Master Data Management meets Big Data
Data quality, data governance, and material master data management are what I generally talk about in these posts, because that is what I know (duh!). However, in the past year, one term related to data has become extremely popular and has become a part of our lexicon. It is being touted as the next big thing and the solution to almost every problem faced by organizations. Of course, the term I am talking about is ‘Big Data’.
What is Big Data?
If you have not lived under a rock for the past couple of years, you must have heard someone or the other talk about Big Data and how it was going to revolutionize … well, everything. But do you know what it means and why it is being hailed as a panacea? Let’s learn a bit about it first.
Big Data is not a new type of data, rather the term refers to the scale and accessibility of data available in the world today. For most of human history, the generation and distribution of data (of all sort) was restricted – sometimes due to a lack of literacy (people being unfamiliar with Greek and Latin), sometimes due to a lack of distribution resources (books had to be copied by hand before the printing press was invented), while sometimes due to gatekeepers that regulated how much and what data could be released (newspapers and news channels editing content). However, with the internet and especially social media, the rate of generation of content as well as its reach has scaled new heights. Just to give a few examples, every minute –
- Almost 100,000 new tweets go out on Twitter
- Almost 700,000 status updates are posted on Facebook
- Almost 700,000 searches are performed on Google
- Almost 168 million e-mails are sent
The amount of data being generated and distributed is staggering, and these examples do not include the enormous amount of data we are producing outside of social media. All this is termed as Big Data and the term is defined using three V’s.
- Volume – The amount of data being produced and distributed. Both these rates have become exponentially larger in the last few years and continue to grow.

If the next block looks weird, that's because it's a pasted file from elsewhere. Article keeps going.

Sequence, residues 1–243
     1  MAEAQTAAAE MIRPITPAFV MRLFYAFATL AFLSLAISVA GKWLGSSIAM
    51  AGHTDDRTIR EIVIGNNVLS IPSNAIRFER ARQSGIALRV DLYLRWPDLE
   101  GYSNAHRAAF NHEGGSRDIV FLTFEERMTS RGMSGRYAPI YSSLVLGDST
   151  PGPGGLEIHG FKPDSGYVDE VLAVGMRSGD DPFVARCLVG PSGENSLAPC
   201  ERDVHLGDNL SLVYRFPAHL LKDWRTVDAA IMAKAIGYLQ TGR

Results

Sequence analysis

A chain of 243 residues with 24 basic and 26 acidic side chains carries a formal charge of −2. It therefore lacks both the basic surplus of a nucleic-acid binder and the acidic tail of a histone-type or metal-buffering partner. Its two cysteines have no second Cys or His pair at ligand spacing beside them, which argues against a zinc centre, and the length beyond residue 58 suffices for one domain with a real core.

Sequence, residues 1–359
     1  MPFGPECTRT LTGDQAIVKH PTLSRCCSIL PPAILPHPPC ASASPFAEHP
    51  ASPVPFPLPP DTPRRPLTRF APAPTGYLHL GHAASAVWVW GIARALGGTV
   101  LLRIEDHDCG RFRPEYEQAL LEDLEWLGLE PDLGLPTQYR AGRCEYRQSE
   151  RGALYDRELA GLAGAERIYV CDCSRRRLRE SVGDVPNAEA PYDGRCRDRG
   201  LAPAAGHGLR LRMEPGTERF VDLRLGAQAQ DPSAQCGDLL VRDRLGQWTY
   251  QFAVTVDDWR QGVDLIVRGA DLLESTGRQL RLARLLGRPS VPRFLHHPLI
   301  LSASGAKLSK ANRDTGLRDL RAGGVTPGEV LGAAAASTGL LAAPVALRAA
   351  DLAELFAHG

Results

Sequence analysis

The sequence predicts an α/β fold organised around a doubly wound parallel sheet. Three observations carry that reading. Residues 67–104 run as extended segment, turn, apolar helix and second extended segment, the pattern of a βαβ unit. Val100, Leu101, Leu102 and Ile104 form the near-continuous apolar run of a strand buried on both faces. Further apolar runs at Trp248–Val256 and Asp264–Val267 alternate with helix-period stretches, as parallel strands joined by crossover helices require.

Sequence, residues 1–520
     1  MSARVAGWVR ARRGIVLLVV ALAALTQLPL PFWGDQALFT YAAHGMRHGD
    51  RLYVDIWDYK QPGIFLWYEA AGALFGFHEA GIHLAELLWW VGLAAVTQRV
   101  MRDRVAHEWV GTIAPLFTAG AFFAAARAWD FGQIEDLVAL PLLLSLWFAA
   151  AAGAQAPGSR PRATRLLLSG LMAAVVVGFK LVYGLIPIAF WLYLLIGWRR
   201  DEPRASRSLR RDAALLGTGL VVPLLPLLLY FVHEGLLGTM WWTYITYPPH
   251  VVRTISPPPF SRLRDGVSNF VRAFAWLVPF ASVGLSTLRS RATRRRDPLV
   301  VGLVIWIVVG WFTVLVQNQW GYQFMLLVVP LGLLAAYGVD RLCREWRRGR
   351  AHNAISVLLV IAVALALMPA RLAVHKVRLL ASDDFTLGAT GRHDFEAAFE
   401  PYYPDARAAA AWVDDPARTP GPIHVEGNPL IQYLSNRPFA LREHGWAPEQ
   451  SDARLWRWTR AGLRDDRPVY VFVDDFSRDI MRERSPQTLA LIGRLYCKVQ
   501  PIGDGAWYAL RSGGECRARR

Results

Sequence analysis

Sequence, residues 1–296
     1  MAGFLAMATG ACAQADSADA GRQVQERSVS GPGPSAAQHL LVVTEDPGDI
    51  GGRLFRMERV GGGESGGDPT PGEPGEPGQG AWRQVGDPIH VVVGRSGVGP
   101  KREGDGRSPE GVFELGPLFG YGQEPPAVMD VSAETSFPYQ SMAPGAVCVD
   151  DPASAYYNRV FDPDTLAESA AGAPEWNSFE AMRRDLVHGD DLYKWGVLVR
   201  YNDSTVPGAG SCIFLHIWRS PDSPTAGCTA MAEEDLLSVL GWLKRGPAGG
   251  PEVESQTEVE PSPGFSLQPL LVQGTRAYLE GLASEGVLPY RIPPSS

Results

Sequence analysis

- Velocity – The rate at which this data is being produced is also a feature of Big Data. Gone are the days when a monk took months copying a book by hand so that his seminary could have a copy. These days, Walmart is handling over 2.5 petabytes of data – 167 times the information contained in all book sin the US Library of Congress.
- Variety – All this data is not just text. It includes images, videos, graphs, and any other type of data you can think of. Just to give an example Facebook is estimated to handle more than 50 billion photos – and it is not a photo sharing website!
Where does MDM come in?
Master Data Management can provide the fourth V to Big Data. It is essential to ensure the quality of all this data, and more importantly its credibility. Thus ‘Veracity’ can become the fourth V and this can be ensured by using a robust data quality system. As a large part of this data is user generated, credibility still remains and issue. However, if we are able to incorporate data quality (and even data governance) in this deluge of data, we can make Big Data more reliable, more useful, and more effective for organizations around the world.
What do you think about Big Data and MDM coming together? Share your ideas in the comment section below.
Further Reading –
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